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In a preliminary analysis of the possible fiscal impacts of the Fort McMurray fires, National Bank of Canada economist Warren Lovely noted that despite the high estimates of the damage, most of the costs won’t fall on the provincial government.CHRIS WATTIE/AFP / Getty Images

If you're trying to figure out how Alberta's already hurting budget is going to get battered by the Fort McMurray wildfires, don't get too bogged down in the reports of massive losses in oil production shutdowns. You're better off keeping an eye on the way the oil price responds to the drama playing out in the Alberta oil patch.

Certainly, the immediate impact of the wildfires has been staggering, even beyond the entire neighbourhoods of burned-down homes and the 90,000 human beings forced to flee for safety. The latest estimates are that the fires have shut in more than one million barrels a day of oil sands production, or about one-third of Alberta's output.

But the impact of the disaster on the province's finances, which were already headed for a $10-billion deficit in the current fiscal year, may prove much smaller than intuition might suggest.

In a preliminary analysis of the possible fiscal impacts of the disaster, National Bank of Canada economist Warren Lovely noted that despite the high estimates of the damage (which have been pegged at more than $5-billion), most of the costs won't fall on the provincial government.

Since most of the damage was to fire-insured private structures, insurance companies will be on the hook for the bulk of those costs. The federal government's disaster-assistance program could cover as much as 90 per cent of the costs of the evacuation, emergency supplies and shelter, restoring infrastructure, and compensating individuals and businesses for losses.

He also noted that between Alberta's own disaster-assistance budget and the contingency cushion it built into its 2016-17 budget, the province has about $900-million in wiggle room to cover costs without blowing up its budget estimates.

The loss of a massive swath of oil production, on the other hand, does raise visions of a more severe hit to provincial coffers, which generally live and die on the royalties the government collects on oil revenues. But remember that roughly two-thirds of the province's oil is still flowing each and every day – oil that is benefiting from rising prices.

At the current North American benchmark crude price of close to $46 (U.S.) a barrel, oil is about 20 per cent higher than the Alberta government's forecast average for 2016 in its recent budget. While that doesn't make up for a 33-per-cent decline in production, the fire-related production losses look certain to be relatively short-term.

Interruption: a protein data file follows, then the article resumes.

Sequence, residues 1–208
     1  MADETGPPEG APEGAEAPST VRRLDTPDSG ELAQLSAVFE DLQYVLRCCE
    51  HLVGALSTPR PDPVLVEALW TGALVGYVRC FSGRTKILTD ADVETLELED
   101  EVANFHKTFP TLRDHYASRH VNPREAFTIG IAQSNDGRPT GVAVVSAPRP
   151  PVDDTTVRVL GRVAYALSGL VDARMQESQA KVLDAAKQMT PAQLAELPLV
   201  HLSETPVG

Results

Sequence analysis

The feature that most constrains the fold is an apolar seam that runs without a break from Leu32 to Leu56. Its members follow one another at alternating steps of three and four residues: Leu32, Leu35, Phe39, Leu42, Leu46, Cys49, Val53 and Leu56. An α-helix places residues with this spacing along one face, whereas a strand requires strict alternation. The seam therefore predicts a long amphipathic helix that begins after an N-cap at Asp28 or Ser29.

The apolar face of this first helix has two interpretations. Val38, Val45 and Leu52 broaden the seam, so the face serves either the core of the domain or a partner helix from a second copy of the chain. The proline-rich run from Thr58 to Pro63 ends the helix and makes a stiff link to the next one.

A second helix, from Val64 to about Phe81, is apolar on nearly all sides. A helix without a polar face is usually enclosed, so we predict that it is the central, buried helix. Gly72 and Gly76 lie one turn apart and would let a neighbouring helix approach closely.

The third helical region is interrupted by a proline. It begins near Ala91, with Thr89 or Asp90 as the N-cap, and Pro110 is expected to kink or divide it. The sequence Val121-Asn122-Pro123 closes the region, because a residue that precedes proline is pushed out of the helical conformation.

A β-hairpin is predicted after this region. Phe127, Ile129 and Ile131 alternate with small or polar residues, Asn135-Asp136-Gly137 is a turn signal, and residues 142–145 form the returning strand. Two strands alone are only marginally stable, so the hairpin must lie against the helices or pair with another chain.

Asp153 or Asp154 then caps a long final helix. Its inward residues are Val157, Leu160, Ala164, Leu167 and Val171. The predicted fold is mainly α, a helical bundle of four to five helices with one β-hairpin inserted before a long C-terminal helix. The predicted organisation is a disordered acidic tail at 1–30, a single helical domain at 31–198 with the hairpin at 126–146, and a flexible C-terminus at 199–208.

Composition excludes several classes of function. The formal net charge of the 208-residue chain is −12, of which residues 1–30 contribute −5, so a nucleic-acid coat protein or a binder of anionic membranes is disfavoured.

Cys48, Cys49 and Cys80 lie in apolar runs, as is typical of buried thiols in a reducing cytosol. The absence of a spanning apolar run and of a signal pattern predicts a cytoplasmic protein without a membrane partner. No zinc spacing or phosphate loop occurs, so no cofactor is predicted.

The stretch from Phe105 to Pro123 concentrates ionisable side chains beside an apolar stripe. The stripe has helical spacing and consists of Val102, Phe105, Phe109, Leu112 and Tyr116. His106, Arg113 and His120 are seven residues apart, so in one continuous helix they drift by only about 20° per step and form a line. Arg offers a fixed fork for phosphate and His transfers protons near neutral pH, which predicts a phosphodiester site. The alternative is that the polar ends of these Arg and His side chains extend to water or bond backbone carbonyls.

Even if the wildfire-affected output is lost for a full month – which now looks to be on the pessimistic extreme, considering what we're now hearing about the industry's plans to quickly restart production – we'd only be talking about maybe 3 per cent of Alberta's 2016 oil production lost to the fires. That would equate to roughly $30-million (Canadian) in lost royalty revenues for the provincial government – barely a rounding error in the province's $41-billion budget.

And the reality may prove to be less than half that. Some operations have already resumed production, and others will be back within a week or two. Some may be able to make up for some of their lost output over the rest of the year. Some may take advantage of the fact that they are already shut down, and take care of some maintenance planned for later in the year that would have required shutdowns anyway.

The key to assessing the impact on Alberta's finances, then, will be whether the oil market hangs onto and even builds on its latest price gains – which may, in some part, be related to Alberta's lost production – after Alberta production returns to normal. That could be bigger news for Alberta's finances than the wildfires will prove to be.

The government's recent budget estimated that every $1 change in the benchmark price of oil affects its revenues by $130-million annually. If oil were to average, say, $45 (U.S.) a barrel this year rather than the budget's forecast of $38 a barrel, that implies more than $900-million (Canadian) in added revenues above what the budget projected. Even a few-cents improvement in average oil prices for the year would quickly overwhelm the royalties lost to the wildfires.

There is, of course, the question of how much of Alberta's broader economic activity – its gross domestic product – will be reduced by the widespread disruption caused by the wildfires in one of the province's key economic regions, which will linger long after the flames are extinguished. That, too, has implications for the tax revenue that the provincial government can expect.

The lessons from another Alberta natural disaster – the floods of 2013 – may be informative here. An Alberta government analysis issued after the flooding estimated that during the main two-week crisis period, the floods caused about $500-million in lost economic activity. But that equated to a fairly inconsequential 0.2 per cent of the province's annual GDP.

By the end of the year, Alberta's real GDP had grown more than 5 per cent – well above what had been expected prior to the floods. Alberta's 2014 budget noted that flood-related rebuilding played a big role in the year's brisker-than-expected economic activity. Natural disasters of this scale, as dramatic as they may be, typically don't pose a lasting impediment to GDP.

"At the end of the day, Alberta's fiscal results will continue to hinge critically on the underlying commodity price backdrop," Mr. Lovely said.

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